The music business was hardly spared the effects of Hurricane Sandy. As reported by our New York sister blog, Sound of the City, dozens of shows in the New York-New Jersey area were postponed or canceled; the resulting travel snafu has scuttled touring plans as far away as tonight's (former) Houston show by rapper Rakim. The Brooklyn warehouse of garage-rock/rarities label Norton Records took on four feet of floodwater.
Tonight at 7 p.m., NBC and several cable networks will broadcast Hurricane Sandy: Coming Together, a one-hour telethon to raise money to help the Eastern Seaboard recover from the effects of Sandy, now estimated to be the second most destructive storm to strike the U.S. behind Hurricane Katrina. Much like our own Ike in 2008, it could be months or maybe years before the region fully returns to normal. (Have we, yet? What is "normal," anyway?)
Scheduled to appear on Coming Together are Bruce Springsteen, Billy Joel, Bon Jovi, Sting, Christina Aguilera and Jimmy Fallon, and no doubt a few special guests TBA. Since it's only an hour long, they will all be forced to choose their songs very carefully. We decided to offer a few suggestions, because don't people in that part of the country have enough on their minds right now?
Bruce Springsteen, "Atlantic City": The popular New Jersey resort/East Coast playground took a direct hit from Sandy. Although this 1982 song is about a mobbed-up loser most likely headed to his death, it's still hard to imagine Springsteen not playing it tonight. He can make a rallying cry out of almost anything, especially a song that includes the line "maybe everything that dies someday comes back."
Bruce Springsteen, "Badlands": Much better. "Badlands" is an anthem from the get-go, the epitome of the mid-'70s Springsteen who was determined to transcend his lumpen surroundings with only the sweat of his brow and the indominatable E Street Band. Other songs of its ilk, "Jungleland," "Tenth Avenue Freeze-Out," "Racing In the Streets" and so forth, are too long to fit into an hour-long broadcast.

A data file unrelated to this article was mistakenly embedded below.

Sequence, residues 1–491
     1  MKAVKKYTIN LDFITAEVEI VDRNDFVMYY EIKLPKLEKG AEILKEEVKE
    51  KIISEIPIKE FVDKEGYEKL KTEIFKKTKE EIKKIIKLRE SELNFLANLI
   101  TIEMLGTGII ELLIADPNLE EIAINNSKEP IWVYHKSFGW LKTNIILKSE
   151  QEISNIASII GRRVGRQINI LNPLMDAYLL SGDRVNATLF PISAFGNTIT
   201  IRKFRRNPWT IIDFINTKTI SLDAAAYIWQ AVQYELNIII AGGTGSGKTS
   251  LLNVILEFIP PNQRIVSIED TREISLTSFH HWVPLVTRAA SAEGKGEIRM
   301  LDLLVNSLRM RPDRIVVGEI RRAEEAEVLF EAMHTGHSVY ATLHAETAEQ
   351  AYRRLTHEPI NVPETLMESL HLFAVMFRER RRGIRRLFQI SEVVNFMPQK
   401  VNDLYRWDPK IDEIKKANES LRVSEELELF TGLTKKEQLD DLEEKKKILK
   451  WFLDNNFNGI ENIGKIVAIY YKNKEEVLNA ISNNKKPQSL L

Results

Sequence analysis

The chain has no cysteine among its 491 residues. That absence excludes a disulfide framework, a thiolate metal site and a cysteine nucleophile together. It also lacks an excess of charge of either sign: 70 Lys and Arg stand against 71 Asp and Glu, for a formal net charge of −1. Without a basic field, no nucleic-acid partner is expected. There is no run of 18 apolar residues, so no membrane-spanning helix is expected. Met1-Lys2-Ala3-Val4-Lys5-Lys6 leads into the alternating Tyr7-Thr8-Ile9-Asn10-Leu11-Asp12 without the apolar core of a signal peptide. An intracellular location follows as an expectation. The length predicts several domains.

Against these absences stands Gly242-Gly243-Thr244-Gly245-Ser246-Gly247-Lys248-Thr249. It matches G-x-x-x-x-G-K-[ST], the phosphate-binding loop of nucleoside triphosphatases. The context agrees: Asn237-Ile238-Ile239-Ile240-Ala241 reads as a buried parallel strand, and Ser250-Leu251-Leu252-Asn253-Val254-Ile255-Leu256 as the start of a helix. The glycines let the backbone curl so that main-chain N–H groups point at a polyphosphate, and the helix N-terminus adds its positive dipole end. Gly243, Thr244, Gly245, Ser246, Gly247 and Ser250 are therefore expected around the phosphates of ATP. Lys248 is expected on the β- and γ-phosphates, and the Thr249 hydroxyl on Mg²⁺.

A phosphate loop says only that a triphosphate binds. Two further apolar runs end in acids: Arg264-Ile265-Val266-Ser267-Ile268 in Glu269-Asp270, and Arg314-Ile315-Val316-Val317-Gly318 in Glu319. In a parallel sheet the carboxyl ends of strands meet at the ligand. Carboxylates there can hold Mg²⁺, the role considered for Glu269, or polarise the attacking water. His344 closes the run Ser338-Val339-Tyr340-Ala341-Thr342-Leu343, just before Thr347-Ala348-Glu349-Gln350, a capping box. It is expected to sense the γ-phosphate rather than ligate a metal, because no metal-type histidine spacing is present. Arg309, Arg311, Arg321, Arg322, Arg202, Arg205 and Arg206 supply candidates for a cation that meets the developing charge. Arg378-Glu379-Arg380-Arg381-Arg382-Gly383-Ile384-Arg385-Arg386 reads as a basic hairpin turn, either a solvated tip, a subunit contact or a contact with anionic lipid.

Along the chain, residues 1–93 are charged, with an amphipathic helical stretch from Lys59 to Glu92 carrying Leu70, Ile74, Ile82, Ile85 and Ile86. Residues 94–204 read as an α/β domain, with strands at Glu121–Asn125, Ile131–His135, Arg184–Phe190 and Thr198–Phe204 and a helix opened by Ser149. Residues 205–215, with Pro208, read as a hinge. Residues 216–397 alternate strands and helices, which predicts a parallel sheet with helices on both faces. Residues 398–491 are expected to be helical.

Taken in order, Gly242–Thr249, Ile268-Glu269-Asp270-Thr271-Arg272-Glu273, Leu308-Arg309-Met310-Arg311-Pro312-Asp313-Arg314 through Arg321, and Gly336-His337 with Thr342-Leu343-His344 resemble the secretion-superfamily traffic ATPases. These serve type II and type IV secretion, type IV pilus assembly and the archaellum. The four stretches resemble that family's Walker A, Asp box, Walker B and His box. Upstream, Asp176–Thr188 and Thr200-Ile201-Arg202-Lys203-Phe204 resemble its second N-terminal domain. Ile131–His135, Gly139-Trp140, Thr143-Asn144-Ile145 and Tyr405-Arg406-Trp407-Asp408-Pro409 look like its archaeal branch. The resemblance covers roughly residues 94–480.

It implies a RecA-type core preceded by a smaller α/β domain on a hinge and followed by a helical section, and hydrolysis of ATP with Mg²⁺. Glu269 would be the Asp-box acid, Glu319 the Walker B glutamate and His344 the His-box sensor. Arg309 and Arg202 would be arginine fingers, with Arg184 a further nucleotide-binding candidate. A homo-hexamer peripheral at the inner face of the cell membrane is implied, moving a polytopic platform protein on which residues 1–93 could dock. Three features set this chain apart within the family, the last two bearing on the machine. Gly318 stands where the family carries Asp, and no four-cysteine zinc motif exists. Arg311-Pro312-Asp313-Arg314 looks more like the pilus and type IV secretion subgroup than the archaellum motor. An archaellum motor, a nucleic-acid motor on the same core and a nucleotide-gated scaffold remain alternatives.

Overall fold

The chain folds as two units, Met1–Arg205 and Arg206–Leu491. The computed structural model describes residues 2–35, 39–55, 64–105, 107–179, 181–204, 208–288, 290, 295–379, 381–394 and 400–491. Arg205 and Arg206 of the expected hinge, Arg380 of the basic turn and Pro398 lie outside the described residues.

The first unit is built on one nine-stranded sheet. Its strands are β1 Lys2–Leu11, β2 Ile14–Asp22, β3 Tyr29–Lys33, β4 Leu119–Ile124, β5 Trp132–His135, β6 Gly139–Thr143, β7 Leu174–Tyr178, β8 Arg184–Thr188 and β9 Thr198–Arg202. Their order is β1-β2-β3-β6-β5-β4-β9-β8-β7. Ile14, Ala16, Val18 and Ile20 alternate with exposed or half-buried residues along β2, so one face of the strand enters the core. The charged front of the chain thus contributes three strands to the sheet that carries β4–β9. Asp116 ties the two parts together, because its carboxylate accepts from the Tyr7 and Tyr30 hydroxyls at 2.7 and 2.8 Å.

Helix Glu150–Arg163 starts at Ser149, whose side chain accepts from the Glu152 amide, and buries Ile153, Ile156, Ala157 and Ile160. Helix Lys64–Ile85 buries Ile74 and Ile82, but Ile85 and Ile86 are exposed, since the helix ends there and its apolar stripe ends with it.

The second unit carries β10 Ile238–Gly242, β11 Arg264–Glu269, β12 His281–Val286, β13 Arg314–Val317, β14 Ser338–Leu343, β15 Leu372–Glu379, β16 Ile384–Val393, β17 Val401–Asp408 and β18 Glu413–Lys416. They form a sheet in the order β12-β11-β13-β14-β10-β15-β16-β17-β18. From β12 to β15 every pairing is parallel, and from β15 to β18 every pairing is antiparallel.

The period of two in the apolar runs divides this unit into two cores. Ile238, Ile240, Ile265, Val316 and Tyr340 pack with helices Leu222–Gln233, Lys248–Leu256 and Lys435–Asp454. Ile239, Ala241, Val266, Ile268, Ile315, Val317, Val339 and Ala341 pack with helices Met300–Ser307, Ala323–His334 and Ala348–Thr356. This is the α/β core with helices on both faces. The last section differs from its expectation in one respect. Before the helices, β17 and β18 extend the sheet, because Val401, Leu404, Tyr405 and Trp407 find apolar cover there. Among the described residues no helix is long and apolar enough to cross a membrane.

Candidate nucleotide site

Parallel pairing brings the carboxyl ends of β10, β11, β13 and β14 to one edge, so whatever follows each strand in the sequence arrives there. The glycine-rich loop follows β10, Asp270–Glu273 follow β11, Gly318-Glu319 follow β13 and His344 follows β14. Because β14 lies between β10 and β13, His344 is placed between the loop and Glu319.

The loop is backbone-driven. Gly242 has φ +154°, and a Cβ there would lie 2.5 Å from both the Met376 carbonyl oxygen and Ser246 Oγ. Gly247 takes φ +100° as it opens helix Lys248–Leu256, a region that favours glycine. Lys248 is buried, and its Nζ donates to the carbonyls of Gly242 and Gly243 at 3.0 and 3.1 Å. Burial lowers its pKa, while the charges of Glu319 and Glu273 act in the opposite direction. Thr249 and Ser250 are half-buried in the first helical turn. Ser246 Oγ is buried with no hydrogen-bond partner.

Billy Joel, "Allentown": It hasn't been in the news as much as points further east, but Allentown, Pennsylvania's third-largest city nestled deep in the Lehigh Valley, has taken a hit just the same. According to Friday's The Morning Call, about 30 percent of the area's main power company's customers are still without electricity (approx. 95,000), gas is growing scarce, and tempers are getting short.
Resale Concert Tickets
Billy Joel, "Big Shot": So far it seems like government officials have handled the situation about as well as they possibly can (except that poor Atlantic City mayor), or at least have managed to hold off a Katrina-like boondoggle. Still, if Billy Joel has an axe to grind about the way the recovery has been conducted, this is the song he wants.
Bon Jovi, "Bad Medicine": Unlike Springsteen and even Billy Joel, Jon Bon Jovi has been perfectly happy to keep politics out of the band's music, beyond the everyday blue-collar situations of good hard-working folk who cling to their dreams and their love after the money's all been spent paying the bills. Nothing against "Born to Be My Baby," but I picked "Bad Medicine" because it's always been my favorite from the New Jersey album, which seemed appropriate.
Bon Jovi, "Livin' On a Prayer": Come on. You'd rather them play "Have a Nice Day"?
Sting, "All This Time": The best song on 1991's The Soul Cages, Sting's album-length eulogy for his fisherman father, follows a man's life as a river flows into the sea. All things considered, perhaps a more appropriate choice than "Love Is the Seventh Wave."
Sting, "Englishman In New York": From his pretentious/ambitious years when his records were as much jazz as rock, this is a breezy little reggae tune about learning to love being an "illegal alien" and probably as close to subtlety as Sting was capable at the time. Or now.
Christina Aguilera, "Your Body": It's her new single. Give her a break; she's had a rough year.
Jimmy Fallon & Bruce Springsteen, "Sexy and I Know It": Hey, they'll both be there. They might as well. America wants them to.
If you like this story, consider signing up for our email newsletters.
SHOW ME HOW
You have successfully signed up for your selected newsletter(s) - please keep an eye on your mailbox, we're movin' in!
All money raised from the telethon will be directed to the American Red Cross. Help them out yourself at www.redcross.org.